It has been in the news a lot recently, and we have discussed this previously on the Clinical Waste Discussion Forum – to ponder upon when a blob of tissue becomes a foetus and at what stage it is reasonable to expect some formal religious or other service?
It is a hugely complex matter? How many weeks gestation before any formal arrangements for disposal as a [potential] human being? Who should make those arrangements, and who should pay? When to ask Mum? Too soon and it may cause unnecessary distress, and likewise if left too late. What about those untold millions of foetuses discarded from terminations of pregnancy? And does a clinical waste incinerator differ that much from a cremator?
It seems remarkable that some women seek to claim months if not years after loosing a pregnancy, though that is not to say that the grief might be any less. Others choose simply block out all memories and feel worse when thing are raked up at some later stage.
It can be a no win situation, and one that is leaving hospitals with another and very considerable expense.
To remove at least some of the doubt about where any line might be drawn, the keynote case of Maric v Croatia concerning a hospital’s disposal of a stillborn child as clinical waste has been heard by the the European Court of Human Rights which held, unanimously, that there had been a violation of Article 8 (right to private and family life) of the European Convention on Human Rights.
The case concerned the disposal of a stillborn child as clinical waste by a publicly-owned hospital and, in this case, the father’s complaint that he was then unable to obtain information about the resting place of his child.
After appeal, the Court concluded that the disposal of the body of the stillborn child together with clinical waste, leaving no trace of the remains or their whereabouts, was not in accordance with the law, and constituted a violation of Article 8. Thereby, the Court held that Croatia was to pay Mr Marić 12,300 euros in respect of non-pecuniary damage.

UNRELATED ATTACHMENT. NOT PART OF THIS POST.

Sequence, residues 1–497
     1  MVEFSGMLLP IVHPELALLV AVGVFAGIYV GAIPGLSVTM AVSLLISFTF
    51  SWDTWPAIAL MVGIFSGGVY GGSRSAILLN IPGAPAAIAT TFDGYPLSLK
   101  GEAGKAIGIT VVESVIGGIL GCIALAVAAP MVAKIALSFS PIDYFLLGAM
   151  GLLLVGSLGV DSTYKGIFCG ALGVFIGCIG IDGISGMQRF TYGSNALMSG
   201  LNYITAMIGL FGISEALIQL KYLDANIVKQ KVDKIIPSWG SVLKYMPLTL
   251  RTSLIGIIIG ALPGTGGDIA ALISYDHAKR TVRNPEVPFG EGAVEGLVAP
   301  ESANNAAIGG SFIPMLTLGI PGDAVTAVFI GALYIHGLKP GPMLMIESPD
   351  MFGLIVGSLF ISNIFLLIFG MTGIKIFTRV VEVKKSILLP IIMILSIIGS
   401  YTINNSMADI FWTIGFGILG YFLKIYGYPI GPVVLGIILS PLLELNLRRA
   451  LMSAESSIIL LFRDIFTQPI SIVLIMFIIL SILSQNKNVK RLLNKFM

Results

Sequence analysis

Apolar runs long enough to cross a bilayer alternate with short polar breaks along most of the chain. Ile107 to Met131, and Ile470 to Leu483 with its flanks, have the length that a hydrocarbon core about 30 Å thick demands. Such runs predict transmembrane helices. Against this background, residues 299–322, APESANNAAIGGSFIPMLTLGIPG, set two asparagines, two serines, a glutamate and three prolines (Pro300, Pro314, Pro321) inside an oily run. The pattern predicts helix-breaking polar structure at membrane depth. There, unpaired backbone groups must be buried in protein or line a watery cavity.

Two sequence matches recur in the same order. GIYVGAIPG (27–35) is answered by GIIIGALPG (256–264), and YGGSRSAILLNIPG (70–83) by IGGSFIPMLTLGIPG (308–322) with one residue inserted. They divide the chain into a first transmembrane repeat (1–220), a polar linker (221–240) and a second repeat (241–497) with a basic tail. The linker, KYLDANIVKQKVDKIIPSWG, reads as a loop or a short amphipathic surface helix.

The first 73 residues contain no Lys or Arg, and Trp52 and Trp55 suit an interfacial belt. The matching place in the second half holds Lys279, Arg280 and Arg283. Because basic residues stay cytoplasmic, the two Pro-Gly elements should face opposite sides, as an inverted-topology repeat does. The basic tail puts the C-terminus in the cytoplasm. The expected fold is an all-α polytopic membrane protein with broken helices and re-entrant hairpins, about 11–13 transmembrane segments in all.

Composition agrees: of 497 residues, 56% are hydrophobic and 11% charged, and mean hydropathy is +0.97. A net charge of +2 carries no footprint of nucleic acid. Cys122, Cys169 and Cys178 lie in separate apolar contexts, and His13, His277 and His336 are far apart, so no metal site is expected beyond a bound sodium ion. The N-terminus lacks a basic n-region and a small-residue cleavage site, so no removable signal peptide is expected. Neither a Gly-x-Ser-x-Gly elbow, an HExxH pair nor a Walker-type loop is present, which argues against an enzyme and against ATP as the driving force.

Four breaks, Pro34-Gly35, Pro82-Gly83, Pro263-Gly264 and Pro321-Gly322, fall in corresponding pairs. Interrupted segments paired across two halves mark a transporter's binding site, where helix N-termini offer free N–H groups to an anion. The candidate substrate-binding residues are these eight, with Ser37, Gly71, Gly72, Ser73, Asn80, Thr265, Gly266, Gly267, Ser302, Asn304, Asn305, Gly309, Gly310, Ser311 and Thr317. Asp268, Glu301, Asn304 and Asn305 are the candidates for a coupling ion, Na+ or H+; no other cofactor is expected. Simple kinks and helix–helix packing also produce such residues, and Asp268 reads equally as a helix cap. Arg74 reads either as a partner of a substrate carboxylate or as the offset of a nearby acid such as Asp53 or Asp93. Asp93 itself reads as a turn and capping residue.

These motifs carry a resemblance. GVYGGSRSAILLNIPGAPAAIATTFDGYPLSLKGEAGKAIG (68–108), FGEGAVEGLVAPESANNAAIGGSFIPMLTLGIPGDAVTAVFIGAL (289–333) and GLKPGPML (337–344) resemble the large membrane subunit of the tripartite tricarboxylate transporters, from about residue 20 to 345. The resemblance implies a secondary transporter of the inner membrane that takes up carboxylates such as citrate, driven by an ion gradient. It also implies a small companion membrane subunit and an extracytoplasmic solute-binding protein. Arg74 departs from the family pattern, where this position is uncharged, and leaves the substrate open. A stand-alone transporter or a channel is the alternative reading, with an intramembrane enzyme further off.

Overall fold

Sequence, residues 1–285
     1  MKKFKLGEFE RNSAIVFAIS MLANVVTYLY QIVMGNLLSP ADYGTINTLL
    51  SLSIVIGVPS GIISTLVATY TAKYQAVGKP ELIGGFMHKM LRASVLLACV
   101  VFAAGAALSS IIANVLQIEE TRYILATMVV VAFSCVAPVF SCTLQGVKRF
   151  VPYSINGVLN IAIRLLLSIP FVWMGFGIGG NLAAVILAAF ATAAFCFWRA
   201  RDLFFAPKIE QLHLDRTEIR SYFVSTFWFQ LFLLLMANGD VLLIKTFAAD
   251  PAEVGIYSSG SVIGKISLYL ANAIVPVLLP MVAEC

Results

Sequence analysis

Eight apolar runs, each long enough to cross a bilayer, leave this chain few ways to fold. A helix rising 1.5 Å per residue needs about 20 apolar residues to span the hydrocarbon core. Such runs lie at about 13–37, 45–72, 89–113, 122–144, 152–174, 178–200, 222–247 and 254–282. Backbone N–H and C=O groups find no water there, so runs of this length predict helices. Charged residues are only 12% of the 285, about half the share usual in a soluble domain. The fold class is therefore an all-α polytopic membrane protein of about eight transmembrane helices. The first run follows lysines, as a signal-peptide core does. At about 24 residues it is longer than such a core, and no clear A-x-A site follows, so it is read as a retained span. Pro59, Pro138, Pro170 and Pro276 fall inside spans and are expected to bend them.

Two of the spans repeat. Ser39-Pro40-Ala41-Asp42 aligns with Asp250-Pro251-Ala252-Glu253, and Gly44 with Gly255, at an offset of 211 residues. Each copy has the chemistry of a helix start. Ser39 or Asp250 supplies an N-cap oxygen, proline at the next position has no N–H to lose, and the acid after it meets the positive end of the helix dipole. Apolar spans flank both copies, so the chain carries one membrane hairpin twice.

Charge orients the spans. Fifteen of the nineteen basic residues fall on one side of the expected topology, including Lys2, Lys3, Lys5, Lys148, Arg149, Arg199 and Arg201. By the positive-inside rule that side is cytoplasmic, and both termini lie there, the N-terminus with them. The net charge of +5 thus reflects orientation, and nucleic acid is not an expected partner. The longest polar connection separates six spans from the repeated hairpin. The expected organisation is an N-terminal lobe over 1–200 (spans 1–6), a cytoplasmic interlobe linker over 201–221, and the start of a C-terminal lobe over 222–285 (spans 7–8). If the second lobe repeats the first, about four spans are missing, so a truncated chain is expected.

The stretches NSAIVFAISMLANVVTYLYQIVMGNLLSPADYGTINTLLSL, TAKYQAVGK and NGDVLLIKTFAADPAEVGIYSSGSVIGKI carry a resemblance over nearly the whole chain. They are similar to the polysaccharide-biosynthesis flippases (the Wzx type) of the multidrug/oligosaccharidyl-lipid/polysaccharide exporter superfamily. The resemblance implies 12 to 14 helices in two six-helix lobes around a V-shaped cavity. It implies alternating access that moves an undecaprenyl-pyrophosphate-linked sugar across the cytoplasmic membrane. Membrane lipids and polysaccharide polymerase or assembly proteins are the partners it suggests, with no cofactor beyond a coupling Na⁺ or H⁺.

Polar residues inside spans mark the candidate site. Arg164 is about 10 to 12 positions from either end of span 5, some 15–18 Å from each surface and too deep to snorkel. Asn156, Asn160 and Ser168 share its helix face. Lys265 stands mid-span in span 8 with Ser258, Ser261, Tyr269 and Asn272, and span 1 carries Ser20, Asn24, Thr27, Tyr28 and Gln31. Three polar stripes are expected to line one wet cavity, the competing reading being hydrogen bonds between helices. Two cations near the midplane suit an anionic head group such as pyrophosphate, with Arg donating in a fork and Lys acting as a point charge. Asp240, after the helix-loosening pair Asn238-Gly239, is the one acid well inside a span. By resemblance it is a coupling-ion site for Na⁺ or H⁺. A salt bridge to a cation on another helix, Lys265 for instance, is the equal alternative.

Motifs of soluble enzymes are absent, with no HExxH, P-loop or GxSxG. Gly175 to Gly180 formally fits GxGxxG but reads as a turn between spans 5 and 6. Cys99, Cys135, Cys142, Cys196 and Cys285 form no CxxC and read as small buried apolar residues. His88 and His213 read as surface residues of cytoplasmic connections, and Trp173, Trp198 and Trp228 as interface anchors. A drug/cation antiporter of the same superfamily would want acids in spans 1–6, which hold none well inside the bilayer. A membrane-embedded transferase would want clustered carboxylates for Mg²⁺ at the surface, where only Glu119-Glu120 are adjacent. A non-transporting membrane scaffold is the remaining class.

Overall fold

Read the Press Release here
This helps clarify the current situation, though leaves many uncertainties as listed above. All-in-all, is it any more clear as to the expectation under this ruling of the ‘rules’ disposal of foetal remains after stillbirth or abortion?
Realistically, nobody is likely to seek those clarifications since the cost to do this would be prohibitive. Therefore, it is likely that hospitals will have to continue with their evolving practice of arranging the disposal of all aborted foetuses via a Local Authority cremator and scattering the ashes in a suitable place, keeping records indefinitely, and bearing the cost.
But first, Mum will have to be asked. That will cause upset and perhaps unnecessary distress. Decisions made may later be regretted, and some cooling off period must be matched by storage of the remains before disposal in case there is a change of mind. And for those who choose to make their own arrangements, suitable mortuary storage until arrangements have been made and the remains are transferred to the care of an undertaker. And when Mum finds out how much the undertaker plans to charge, she may well change her mind!